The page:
BMW 2 Series

BMW 2 Series

  Based on current speculation that BMW's sedan and coupe version will NOT share the same Series number after 2013. We are expecting BMW to name their 2-door version of the 1 Series 4-door sedan, as the 2 Series. To backup the speculations, BMW has trademarked the name so we know a model is coming.

Developed as a successor to the 1 Series Coupe, already a classic among BMW enthusiasts, the 2 Series is not just good-looking, but powerful as well. The 228i delivers 240 horses and strong performance while returning 36 mpg on the highway, and the M235i will make your heart pump faster with the 320 ponies residing under the hood. Add the fuel-efficient, yet still potent diesel engine available in Europe and you got a complete vehicle on your hands. But does this mean the 2 Series can’t be improved upon? Hell, no!

At least not if you ask the folks over at AC Schnitzer, who have been meddling with Bimmers since the late 1960s. There’s no such thing as a new BMW without an AC Schnitzer package, and the 2 Series is the perfect proof that the Aachen-based specialist means business. It didn’t take too long for AC Schnitzer to come up with a series of updates for the 2 Series, which can now benefit from increased output rating across the entire lineup. Well, almost, as the U.S.-spec 228i is not included yet. But AC Schnitzer’s new offering is not just about added horsepower. These compact Bimmers are also enhanced by aerodynamic parts and various interior upgrades. Check them all out past the jump.

Click past the jump to read more about AC Schnitzer’s program for the BMW 2 Series

Launched in 2014 in Europe, the BMW 2 Series Active Tourer is the company’s first front-wheel-drive vehicle. Mainly aimed at the Mercedes-Benz B-Class , the Active Tourer is powered by three different engines. A 1.5-liter, inline-three delivers 136 horsepower, while a 2.0-liter four-banger cranks out 231 ponies. On the diesel side, BMW offers a 2.0-liter, four-cylinder rated at 150 horses and 243 pound-feet of torque. Although U.S. availability for the 2 Series Active Tourer has yet to be announced as of August 2014, the Germans are already working on expanding the lineup, with a plug-in hybrid model is set to arrive in 2015. As we’re moving closer to the year the regular model is likely to hit U.S. shores, BMW has been caught testing a seven-seat version of the Active Tourer.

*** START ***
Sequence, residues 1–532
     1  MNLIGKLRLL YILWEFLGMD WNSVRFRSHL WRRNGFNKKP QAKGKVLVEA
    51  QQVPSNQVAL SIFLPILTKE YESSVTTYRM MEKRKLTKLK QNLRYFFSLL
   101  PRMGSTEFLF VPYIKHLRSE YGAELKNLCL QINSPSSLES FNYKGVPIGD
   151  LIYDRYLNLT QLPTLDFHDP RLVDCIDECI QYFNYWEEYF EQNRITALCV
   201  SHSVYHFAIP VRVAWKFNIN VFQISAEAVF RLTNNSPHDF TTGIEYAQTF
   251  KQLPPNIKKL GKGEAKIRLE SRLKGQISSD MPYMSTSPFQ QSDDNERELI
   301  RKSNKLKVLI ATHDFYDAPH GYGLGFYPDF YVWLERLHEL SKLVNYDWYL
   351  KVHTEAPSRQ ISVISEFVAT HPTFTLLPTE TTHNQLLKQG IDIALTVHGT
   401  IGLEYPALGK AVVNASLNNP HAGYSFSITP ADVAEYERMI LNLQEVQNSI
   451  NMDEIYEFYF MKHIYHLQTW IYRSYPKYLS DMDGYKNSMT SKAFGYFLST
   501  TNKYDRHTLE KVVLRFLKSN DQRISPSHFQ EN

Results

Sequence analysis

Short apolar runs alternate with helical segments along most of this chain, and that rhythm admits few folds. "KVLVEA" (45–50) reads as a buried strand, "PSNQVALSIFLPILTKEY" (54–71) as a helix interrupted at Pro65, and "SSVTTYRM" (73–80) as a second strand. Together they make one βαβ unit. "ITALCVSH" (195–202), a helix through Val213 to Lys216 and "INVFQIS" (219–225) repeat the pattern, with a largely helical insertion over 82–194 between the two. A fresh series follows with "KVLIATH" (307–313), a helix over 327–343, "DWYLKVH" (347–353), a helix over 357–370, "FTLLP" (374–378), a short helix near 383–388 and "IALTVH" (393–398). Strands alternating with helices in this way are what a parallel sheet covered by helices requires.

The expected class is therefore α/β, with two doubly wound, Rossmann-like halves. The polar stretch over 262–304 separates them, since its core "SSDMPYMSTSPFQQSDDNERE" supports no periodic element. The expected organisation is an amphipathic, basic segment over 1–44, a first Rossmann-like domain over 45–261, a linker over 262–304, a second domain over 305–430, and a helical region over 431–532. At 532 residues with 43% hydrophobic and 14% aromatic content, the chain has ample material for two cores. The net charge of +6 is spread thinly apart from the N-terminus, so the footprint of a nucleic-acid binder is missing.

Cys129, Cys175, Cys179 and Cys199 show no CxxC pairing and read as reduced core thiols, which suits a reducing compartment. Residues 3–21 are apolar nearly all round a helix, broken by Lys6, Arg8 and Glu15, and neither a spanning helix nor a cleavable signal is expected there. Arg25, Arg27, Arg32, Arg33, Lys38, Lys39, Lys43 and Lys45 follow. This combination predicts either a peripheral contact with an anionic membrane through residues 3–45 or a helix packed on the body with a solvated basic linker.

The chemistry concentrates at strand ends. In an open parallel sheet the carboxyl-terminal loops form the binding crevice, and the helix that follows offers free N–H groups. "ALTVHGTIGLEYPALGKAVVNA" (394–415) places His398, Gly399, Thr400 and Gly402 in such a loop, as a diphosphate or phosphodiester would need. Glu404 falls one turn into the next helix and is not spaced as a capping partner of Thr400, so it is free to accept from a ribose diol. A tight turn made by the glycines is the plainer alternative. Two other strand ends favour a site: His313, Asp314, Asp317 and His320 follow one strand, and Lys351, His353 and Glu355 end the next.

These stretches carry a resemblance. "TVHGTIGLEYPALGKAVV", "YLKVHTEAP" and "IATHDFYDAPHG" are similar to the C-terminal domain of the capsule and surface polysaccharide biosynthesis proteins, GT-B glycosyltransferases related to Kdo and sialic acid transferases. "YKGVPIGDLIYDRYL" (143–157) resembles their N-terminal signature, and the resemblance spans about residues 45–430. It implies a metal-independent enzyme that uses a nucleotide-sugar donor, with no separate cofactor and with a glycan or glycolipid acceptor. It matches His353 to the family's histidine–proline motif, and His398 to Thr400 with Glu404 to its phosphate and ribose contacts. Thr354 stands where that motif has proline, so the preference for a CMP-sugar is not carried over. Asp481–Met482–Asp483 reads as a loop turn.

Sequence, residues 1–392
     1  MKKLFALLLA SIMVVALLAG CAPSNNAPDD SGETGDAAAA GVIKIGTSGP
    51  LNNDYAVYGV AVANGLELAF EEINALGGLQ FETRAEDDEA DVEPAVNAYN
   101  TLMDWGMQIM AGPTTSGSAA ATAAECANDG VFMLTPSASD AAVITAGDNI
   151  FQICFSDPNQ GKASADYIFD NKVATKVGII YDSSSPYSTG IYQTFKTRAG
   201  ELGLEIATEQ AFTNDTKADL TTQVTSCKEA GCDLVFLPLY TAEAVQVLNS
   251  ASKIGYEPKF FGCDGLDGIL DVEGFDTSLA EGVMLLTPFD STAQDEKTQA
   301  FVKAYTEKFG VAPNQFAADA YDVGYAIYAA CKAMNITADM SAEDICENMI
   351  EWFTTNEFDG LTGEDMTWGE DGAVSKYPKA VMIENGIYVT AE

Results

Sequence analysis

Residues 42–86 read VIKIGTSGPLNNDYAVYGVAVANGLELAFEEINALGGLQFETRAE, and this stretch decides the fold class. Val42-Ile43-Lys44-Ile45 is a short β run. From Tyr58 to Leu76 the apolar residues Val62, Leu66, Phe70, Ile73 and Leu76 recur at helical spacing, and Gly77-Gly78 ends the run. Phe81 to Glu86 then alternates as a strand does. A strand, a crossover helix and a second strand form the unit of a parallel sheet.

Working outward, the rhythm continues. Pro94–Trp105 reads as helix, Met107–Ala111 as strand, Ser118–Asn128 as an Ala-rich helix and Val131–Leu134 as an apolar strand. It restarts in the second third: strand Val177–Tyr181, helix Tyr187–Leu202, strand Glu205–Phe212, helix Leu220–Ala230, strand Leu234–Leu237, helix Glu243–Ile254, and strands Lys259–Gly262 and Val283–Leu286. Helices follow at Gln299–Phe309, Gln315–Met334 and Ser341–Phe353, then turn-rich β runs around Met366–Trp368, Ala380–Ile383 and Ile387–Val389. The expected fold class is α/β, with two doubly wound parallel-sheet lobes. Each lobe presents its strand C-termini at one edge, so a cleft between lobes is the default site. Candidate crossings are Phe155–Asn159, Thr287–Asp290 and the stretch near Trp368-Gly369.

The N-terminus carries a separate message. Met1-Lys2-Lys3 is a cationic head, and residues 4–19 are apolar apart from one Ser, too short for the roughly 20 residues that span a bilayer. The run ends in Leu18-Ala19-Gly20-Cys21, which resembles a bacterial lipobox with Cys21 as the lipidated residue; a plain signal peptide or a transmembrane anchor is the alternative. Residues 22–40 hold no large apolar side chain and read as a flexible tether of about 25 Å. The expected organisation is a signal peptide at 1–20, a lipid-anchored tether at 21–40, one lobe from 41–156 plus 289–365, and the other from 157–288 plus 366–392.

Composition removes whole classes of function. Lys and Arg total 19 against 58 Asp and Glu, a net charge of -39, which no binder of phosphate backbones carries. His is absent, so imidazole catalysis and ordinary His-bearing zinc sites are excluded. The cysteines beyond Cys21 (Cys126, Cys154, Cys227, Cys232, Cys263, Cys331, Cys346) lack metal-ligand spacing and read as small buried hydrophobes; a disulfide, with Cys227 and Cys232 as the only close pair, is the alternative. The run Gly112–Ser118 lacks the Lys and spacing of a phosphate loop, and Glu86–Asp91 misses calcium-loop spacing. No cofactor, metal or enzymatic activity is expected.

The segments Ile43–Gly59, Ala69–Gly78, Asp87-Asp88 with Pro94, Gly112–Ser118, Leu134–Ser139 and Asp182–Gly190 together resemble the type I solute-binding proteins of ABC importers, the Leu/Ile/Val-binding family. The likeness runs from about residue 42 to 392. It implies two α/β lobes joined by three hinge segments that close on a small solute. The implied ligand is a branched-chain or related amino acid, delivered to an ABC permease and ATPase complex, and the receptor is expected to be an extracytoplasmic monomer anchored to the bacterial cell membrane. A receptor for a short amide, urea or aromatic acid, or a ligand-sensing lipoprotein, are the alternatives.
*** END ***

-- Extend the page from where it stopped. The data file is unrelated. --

If you thought BMW went bananas by launching an MPV-like, front-wheel-drive vehicle, then be prepared to meet the Active Tourer’s bigger brother. Is BMW creating another niche? Well, it’s longer and it can carry up to seven people. Guess it’s different enough to survive on its own.

Click past the jump to read more about the 2015 BMW 2 Series Active Tourer

We subscribe to the school of thought that if you do something long enough, you’re bound to become good at it. Chris Harris has driven cars for a long time, so presumably, he’s also done a lot of drifting in these cars. We’re inclined to believe that holds true, especially because we enjoyed his little instructional video on how to properly drift the BMW M235i .

Chris is taking his talents back to YouTube as part of the reinvented Drive channel. What better way to do get the ball rolling (again) than teaching viewers the art of drifting the M235i . This actually isn’t the first time Harris has done something like this.
He once taped a similar instructional guide to the drifting using his own M5 so this should be right in his wheelhouse. The video itself is almost 12 minutes long, so if you want to take some notes, now’s a good time to get the pen and paper ready.

Like every Harris video, it’s every bit as fun from the start as it is at the end. Who knows, you might even learn a thing or two about drifting vehicles in general.

BMW’s teaser showing what appeared to be a high-performance version of the 2 Series coupe turned out to be nothing more than an M235i , and not the M2 we were hoping. Fortunately, the photo was actually previewing a two-minute video showing BMW’s latest driftmob in Cape Town, South Africa. What’s a driftmob, you may ask? Well, it basically consists of several vehicles, in this case M235i coupes, drifting together based on a specific, preset scenario.